March 24, 2016
At Home with Friends


Saag Paneer

Many years ago, I had the great good fortune to be traveling in India over Christmas and New Year’s. I didn’t know as much about Indian cuisine as I do now. To play it safe, and avoid Deli belly, I kept my food choices relatively simple. One of the dishes I ordered every day was Saag Paneer. Saag refers to a leaf based dish (usually spinach) and Paneer is a fresh unsalted, uncultured white cheese. The cheese is relatively bland, somewhat crumbly and doesn’t melt.

What amazed me was that everywhere I ordered this dish, it was always different. In some versions, the spinach had been blended to a velvety smoothness. In others, the spinach was coarsely chopped and mixed with the sauteed onions. Still, others added milk or heavy cream to create a dish that resembled a traditional American creamed spinach. Even the spices differed from dish to dish. But they were all delicious.

In my own neck of the woods, Beverly Hills, I am lucky to have three good Indian restaurants less that 5 minutes from home. (Two offer delivery.) Despite the fact that my palate is much more sophisticated, I still find myself ordering Saag Paneer. And guess what? Each restaurant makes it slightly differently, and once again they are all delicious.

The version I made for New Year’s Day is less creamy than some because I don’t puree the spinach and I don’t add heavy cream or milk. This is my favorite version, for now.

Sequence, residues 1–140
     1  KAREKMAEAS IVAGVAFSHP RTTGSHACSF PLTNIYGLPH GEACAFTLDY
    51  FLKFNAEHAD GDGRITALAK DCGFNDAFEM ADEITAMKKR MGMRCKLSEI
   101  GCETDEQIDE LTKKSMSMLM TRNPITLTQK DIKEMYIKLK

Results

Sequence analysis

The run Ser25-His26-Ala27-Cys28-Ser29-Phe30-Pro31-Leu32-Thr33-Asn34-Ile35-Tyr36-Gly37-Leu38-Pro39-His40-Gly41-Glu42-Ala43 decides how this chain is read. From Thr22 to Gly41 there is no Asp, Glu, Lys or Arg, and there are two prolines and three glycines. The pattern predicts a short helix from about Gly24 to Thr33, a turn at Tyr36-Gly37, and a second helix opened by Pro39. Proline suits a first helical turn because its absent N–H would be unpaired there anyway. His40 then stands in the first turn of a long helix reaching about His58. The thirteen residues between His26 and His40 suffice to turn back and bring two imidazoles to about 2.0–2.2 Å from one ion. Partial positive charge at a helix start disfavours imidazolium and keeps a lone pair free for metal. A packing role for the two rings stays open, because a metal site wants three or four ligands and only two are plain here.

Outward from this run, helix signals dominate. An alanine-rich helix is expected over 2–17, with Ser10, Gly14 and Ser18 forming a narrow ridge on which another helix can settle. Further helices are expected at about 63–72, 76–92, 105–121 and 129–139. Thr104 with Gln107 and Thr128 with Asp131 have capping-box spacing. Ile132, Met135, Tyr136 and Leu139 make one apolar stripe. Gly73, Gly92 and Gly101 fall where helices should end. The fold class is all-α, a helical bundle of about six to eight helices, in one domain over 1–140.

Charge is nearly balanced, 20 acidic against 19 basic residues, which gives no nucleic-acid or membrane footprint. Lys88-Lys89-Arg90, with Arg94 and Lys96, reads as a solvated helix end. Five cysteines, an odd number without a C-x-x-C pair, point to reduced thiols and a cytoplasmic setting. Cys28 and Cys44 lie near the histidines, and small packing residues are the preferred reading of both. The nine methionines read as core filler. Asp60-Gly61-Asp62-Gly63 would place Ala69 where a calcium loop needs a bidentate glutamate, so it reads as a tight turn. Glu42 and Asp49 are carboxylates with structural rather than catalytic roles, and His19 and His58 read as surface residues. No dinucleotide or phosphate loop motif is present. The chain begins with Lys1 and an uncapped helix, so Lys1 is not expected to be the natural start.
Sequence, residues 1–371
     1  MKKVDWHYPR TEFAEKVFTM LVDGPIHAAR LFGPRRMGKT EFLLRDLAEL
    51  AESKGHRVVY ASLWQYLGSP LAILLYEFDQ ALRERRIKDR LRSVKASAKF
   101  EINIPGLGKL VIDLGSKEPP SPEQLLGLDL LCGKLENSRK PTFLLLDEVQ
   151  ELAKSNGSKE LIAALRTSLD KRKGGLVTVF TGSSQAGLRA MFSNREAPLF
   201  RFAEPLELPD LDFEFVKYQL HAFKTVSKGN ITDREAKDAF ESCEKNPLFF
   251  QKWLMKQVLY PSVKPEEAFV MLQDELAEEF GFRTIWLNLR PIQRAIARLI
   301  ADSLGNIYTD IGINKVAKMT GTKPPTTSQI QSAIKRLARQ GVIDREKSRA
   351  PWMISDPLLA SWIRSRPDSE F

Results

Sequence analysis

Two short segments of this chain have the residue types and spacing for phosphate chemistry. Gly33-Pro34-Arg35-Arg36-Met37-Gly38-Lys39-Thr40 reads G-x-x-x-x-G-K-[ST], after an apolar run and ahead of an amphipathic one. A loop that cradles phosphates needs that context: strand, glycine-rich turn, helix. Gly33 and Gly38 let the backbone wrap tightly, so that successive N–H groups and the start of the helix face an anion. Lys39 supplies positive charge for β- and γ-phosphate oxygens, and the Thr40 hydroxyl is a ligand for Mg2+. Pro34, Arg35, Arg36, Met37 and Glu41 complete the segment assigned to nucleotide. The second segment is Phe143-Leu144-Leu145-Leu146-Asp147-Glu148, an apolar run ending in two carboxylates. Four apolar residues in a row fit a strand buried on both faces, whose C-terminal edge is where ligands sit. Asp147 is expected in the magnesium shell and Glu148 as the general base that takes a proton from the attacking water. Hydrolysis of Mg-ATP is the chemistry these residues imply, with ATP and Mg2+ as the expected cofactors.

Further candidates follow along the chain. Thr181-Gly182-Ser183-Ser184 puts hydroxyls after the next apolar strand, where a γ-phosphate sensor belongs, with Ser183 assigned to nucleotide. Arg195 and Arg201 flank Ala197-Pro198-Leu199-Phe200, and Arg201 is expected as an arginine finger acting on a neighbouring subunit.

The recipe calls for Paneer which is a curdled fresh cheese. It’s easy to make (and I will post the recipe), but you can also buy it readymade at Indian or ethnic markets. It’s better if you make it from scratch, but I confess for New Year’s Day, I bought it. There were too many other things to do.

It’s a fantastic side dish for brunch or even dinner. If you have friends who say, “I don’t like Indian food, I don’t like curry,” don’t tell them this is an Indian dish. Just tell them, “It’s spinach and cheese.” Let them taste it and when they go back for seconds, resist the temptation to tell them they’re eating Indian food.


EVENT: New Year’s Day Brunch

SERVES: 6-8 People


8-10 cups fresh spinach, chopped

2 tablespoons grapeseed oil or other neutral oil

1 large onion, chopped

4 cloves garlic, mashed

1 tablespoon chopped fresh ginger

1 tablespoon Garam Masala

1 teaspoon fenugreek leaves

3/4 teaspoon salt

1/8 teaspoon cayenne pepper

1 cup cubed paneer

2 tablespoons water


Large skillet


1. Warm 1 tablespoon oil in a large skillet over medium high heat. Add the chopped onion, chopped ginger and garlic. Cook for approximately 4 minutes until onions are soft and slightly translucent.

2. Add the Garam Masala, fenugreek leaves, salt and cayenne pepper.

3. Mix well and saute for approximately 2-3 minutes. Add chopped spinach and mix well. Add water, cover and continue to cook over low heat until spinach cooked through.

4. In a separate skillet over medium high heat, warm 1 tablespoon of oil. Add cubed paneer and cook until golden, turning frequently.

5. Stir the paneer into the spinach mixture. Gently mix.

6. Taste and correct seasoning. Add salt and pepper if necessary.

7. Cook 2 more minutes. Serve.


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